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704                                                 Old Song

TIS a dull sight
  To see the year dying,
When winter winds
  Set the yellow wood sighing:
    Sighing, O sighing!
When such a time cometh
  I do retire
Into an old room
  Beside a bright fire:
    O, pile a bright fire!
And there I sit
  Reading old things,
Of knights and lorn damsels,
  While the wind sings
    O, drearily sings!
I never look out
  Nor attend to the blast;
For all to be seen
  Is the leaves falling fast:
    Falling, falling!
But close at the hearth,
  Like a cricket, sit I,
Reading of summer
  And chivalry
    Gallant chivalry!
Then with an old friend
  I talk of our youth
How twas gladsome, but often
  Foolish, forsooth:
    But gladsome, gladsome!
Or, to get merry,
  We sing some old rhyme
That made the wood ring again
  In summer time
    Sweet summer time!
Then go we smoking,
  Silent and snug:
Naught passes between us,
  Save a brown jug
And sometimes a tear
  Will rise in each eye,
Seeing the two old friends
  So merrily
    So merrily!
And ere to bed
  Go we, go we,
Down on the ashes
  We kneel on the knee,
    Praying together!
Thus, then, live I
  Till, mid all the gloom,
By Heaven! the bold sun
  Is with me in the room
    Shining, shining!
Then the clouds part,
  Swallows soaring between;
The spring is alive,
  And the meadows are green!
I jump up like mad,
  Break the old pipe in twain,
And away to the meadows,
  The meadows again!

705                                   From Omar Khayyam


A BOOK of Verses underneath the Bough,
A Jug of Wine, a Loaf of Breadand Thou
   Beside me singing in the Wilderness
O, Wilderness were Paradise enow!
Some for the Glories of This World; and some
Sigh for the Prophets Paradise to come;
   Ah, take the Cash, and let the Credit go,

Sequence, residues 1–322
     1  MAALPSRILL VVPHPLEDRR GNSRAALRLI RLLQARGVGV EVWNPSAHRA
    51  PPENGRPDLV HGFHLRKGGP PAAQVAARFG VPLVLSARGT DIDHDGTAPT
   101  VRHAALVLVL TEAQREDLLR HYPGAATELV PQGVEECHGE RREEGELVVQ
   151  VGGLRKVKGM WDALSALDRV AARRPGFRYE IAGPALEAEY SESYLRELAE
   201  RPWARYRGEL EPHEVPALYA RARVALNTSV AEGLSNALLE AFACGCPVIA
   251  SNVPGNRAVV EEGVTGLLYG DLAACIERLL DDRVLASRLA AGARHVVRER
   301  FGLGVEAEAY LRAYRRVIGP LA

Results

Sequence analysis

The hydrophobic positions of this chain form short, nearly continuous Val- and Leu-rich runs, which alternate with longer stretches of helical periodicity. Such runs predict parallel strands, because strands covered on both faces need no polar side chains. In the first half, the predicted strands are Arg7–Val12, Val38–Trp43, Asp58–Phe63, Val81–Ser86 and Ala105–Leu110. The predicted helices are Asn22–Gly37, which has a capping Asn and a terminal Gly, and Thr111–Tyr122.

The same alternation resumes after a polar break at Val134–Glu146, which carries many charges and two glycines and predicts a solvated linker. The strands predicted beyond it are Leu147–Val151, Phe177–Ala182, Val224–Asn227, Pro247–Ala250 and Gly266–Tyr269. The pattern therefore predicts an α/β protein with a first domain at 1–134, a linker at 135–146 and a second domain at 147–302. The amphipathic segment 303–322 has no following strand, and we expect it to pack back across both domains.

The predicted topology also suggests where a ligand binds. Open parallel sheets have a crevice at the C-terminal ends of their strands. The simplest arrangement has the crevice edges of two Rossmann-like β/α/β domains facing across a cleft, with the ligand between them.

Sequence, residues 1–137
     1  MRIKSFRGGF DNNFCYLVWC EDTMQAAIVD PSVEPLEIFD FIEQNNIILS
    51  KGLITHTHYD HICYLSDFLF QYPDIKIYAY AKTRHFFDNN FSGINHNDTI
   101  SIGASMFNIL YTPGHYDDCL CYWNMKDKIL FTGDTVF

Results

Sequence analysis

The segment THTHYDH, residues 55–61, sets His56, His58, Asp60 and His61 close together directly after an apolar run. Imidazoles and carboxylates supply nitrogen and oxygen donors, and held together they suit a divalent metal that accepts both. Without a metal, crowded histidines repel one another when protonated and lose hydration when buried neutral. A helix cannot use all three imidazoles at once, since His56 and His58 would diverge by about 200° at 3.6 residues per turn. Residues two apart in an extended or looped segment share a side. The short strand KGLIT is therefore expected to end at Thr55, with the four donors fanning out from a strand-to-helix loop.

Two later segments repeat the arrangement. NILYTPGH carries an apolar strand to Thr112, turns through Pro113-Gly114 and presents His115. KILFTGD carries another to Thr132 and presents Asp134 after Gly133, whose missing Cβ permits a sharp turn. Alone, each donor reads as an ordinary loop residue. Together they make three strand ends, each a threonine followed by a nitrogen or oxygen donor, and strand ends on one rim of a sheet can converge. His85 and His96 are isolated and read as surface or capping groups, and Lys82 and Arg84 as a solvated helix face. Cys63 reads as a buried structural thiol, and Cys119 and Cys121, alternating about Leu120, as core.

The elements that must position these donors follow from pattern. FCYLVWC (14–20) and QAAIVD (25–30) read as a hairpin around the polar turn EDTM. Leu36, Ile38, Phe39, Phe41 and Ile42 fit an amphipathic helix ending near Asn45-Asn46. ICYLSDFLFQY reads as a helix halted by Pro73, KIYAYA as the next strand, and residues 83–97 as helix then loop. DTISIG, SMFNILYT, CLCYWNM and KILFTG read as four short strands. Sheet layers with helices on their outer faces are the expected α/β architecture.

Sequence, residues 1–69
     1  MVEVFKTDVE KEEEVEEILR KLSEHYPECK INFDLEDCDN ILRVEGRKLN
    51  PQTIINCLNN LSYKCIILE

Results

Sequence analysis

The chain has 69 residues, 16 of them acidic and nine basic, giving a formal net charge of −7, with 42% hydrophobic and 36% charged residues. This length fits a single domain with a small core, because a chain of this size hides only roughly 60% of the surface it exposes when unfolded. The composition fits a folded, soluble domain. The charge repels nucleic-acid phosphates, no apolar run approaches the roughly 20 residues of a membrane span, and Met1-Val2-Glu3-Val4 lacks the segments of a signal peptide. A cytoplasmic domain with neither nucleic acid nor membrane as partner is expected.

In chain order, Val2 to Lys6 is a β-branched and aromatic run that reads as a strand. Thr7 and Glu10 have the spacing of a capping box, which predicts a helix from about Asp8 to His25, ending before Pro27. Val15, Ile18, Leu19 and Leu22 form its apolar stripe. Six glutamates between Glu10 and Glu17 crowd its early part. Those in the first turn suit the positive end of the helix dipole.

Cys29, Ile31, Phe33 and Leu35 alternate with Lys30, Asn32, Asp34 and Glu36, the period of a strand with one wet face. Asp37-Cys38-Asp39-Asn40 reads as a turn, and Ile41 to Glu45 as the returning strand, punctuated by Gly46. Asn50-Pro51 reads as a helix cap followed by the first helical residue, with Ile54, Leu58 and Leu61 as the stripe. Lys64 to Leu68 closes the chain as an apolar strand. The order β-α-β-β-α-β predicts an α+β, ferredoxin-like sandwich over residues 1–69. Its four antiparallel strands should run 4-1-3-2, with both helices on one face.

Nor heed the rumble of a distant Drum!
Look to the blowing Rose about usLo,
Laughing, she says, into the world I blow,
   At once the silken tassel of my Purse
Tear, and its Treasure on the Garden throw.
And those who husbanded the Golden grain
And those who flung it to the winds like Rain
   Alike to no such aureate Earth are turnd
As, buried once, Men want dug up again.


Think, in this batterd Caravanserai
Whose Portals are alternate af6 Night and Day,
   How Sultéan after Sultéan with his Pomp
Abode his destined Hour, and went his way.
They say the Lion and the Lizard keep
The Courts where Jamshyd gloried and drank deep:
   And Bahréam, that great Hunterthe wild Ass
Stamps oer his Head, but cannot break his Sleep.
I sometimes think that never blows so red
The Rose as where some buried Cæsar bled;
   That every Hyacinth the Garden wears
Dropt in her Lap from some once lovely Head.
And this reviving Herb whose tender Green
Fledges the River-Lip on which we lean
   Ah, lean upon it lightly! for who knows
From what once lovely Lip it springs unseen!
Ah, my Belovàed, fill the Cup that clears
To-day of past Regrets and Future Fears:
   To-morrow!Why, To-morrow I may be
Myself with Yesterdays Sevn thousand Years.
For some we loved, the loveliest and the best
That from his Vintage rolling Time hath prest,
   Have drunk their Cup a Round or two before,
And one by one crept silently to rest.
And we, that now make merry in the Room
They left, and Summer dresses in new bloom,
   Ourselves must we beneath the Couch of Earth
Descendourselves to make a Couchfor whom?
Ah, make the most of what we yet may spend,
Before we too into the Dust descend;
 Dust unto Dust, and under Dust to lie,
Sans Wine, sans Song, sans Singer, andsans End!


Ah, with the Grape my fading Life provide,
And wash my Body whence the Life has died,
 And lay me, shrouded in the living Leaf,
By some not unfrequented Garden-side....
Yon rising Moon that looks for us again
How oft hereafter will she wax and wane;
 How oft hereafter rising look for us
Through this same Gardenand for one in vain!

And when like her, O Séakéi, you shall pass
Among the Guests star-scatterd on the Grass,
 And in your joyous errand reach the spot
Where I made Oneturn down an empty Glass!


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